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Pee-Wee Harris Adrift eBook

This eBook from the Gutenberg Project consists of approximately 108 pages of information about Pee-Wee Harris Adrift.

“That’s some argument,” Detective Slippett said, half smiling.

“I know even better arguments than that,” Pee-wee boasted.

“Well,” said Detective Spotson rather more gruffly, “you’d better look out how you try to interfere with the law, young feller, ’cause first thing you know you’ll find yourself in jail.  And you’d better keep away from this outfit down here, too.  Now you chase yourself back to where you belong—­see?”

“You thought you were going to scare me, didn’t you?” Pee-wee said.

CHAPTER VI

THE MISSIONARY

Pee-wee retraced his steps back across the field feeling righteous and triumphant.  To him the interests of the Boy Scouts of America superseded every other interest and like the true missionary he did not scruple overmuch as to means employed.

As he emerged Into the alley, Keekie Joe, looking frightened and apprehensive, appeared out of the surrounding squalor.  It was a characteristic of Keekie Joe that he always appeared without warning.  A long habit of sneaking had given him this uncanny quality.  Suddenly Pee-wee, in the full blush of his heroic triumph, was aware of the poor wretch shuffling along beside him.

“Wot’d they say ter yer?  Wot’d yer tell ’em?” he asked fearfully.

“I didn’t tell them anything,” Pee-wee said.  “As long as the fellers got away they won’t blame you.  Anyway, if you’d have been there they’d have been caught, because you didn’t know those detectives because they’re strangers around here.”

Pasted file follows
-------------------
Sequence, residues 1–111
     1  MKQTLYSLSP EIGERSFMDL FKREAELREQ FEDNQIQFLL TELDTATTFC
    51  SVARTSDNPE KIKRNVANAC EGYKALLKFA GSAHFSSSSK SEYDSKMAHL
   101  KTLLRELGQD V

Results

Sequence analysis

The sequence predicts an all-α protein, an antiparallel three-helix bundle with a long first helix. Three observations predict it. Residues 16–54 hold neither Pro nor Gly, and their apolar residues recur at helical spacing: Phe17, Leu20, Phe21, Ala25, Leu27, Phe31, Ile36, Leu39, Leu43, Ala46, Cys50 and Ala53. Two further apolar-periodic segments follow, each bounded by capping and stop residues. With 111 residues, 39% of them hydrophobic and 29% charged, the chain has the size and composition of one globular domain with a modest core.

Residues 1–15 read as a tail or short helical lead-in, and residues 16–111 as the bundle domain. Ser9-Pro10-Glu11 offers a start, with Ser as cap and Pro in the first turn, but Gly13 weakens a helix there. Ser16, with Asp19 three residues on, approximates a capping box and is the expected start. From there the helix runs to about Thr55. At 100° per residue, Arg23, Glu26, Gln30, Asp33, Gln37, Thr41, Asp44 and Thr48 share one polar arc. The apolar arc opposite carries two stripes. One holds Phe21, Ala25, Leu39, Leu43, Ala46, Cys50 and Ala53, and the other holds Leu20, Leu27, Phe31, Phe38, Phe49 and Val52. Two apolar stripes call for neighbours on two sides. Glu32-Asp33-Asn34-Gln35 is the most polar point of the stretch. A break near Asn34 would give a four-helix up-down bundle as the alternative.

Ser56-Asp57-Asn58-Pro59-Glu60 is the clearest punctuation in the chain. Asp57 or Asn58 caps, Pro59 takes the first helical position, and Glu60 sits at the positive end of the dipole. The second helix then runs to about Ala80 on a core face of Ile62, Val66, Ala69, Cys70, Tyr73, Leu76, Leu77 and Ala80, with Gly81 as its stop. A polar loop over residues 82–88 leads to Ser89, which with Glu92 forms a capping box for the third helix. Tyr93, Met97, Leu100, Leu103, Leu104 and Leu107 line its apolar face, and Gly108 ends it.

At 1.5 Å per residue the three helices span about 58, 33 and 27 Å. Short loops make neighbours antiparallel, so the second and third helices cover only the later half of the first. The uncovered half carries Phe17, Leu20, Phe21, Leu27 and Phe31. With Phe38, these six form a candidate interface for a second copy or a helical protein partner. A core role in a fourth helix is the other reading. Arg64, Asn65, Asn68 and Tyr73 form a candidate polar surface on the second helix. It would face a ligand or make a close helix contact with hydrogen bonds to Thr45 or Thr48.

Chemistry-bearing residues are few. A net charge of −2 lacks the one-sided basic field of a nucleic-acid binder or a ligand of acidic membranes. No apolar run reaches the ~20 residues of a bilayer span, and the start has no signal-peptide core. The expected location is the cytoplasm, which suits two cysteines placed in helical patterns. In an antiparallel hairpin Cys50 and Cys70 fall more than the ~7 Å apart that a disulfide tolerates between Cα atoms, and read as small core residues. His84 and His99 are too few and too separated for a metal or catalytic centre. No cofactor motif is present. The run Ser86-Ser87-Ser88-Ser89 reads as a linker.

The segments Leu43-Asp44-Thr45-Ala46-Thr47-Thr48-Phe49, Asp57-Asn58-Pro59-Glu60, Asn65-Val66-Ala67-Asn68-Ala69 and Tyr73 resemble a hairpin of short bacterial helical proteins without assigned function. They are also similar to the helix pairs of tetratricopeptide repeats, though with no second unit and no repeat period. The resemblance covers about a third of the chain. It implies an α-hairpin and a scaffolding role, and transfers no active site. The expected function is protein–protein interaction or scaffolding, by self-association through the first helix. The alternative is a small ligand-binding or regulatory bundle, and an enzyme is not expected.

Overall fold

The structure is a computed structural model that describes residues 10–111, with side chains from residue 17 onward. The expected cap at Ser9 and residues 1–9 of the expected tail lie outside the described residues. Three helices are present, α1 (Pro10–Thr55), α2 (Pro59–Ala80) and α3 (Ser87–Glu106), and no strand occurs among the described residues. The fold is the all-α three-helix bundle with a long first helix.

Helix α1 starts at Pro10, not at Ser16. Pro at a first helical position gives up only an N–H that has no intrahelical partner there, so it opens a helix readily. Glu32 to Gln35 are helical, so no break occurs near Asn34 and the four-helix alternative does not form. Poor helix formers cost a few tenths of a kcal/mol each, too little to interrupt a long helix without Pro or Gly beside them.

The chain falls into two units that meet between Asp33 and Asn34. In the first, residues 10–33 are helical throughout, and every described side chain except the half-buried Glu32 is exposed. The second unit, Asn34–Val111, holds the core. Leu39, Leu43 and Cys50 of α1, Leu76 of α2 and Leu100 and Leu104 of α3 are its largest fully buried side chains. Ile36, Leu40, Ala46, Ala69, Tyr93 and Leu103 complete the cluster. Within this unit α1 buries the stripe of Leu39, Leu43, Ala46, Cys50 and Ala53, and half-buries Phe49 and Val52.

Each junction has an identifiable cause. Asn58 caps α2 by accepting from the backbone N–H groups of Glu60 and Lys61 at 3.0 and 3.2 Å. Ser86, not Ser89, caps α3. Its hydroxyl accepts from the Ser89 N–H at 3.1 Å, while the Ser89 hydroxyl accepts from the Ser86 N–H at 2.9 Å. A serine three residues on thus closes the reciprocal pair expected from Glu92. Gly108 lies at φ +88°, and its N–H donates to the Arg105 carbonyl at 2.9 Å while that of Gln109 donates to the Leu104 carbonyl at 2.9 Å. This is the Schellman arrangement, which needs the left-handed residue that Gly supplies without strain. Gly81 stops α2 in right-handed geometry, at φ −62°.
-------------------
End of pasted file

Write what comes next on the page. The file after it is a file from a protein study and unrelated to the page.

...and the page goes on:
“How’d you know them?” Keekie Joe inquired.

“Gee, scouts are supposed to know everything,” Pee-wee informed him.

Keekie Joe gave a side glance at Pee-wee as he shuffled along at his side.  He was rather interested in a class of boys who knew all officials on sight; here indeed was something worth knowing.  “Yer spotted ’em?” he asked incredulously.

Sure I did,” said Pee-wee with great alacrity; “because scouts are supposed to be observant, see?  I saw them in Northvale once.  But, believe me, I didn’t holla. Oh, no!  I ran over and told the fellers and they all got away, so as long as you didn’t leave them in the lurch it was all right.  So now will you join the scouts?  They always carry licorice jaw-breakers in their pockets,” he added as a supplementary inducement; “anyway I do—­lemon ones too, and strawberry ones.”

“How many is in your gang?” Joe asked.

“Nobody yet,” said Pee-wee, “because I haven’t got it started.  But if you’ll join in with me we’ll start one.  You’re supposed to hike and run a lot but if you want to run after fire engines and ambulances it’s all right.”  He said this because of the favorite outdoor sport of Barrel Alley of trailing fire engines and ambulances.  “So will you join?” he added.

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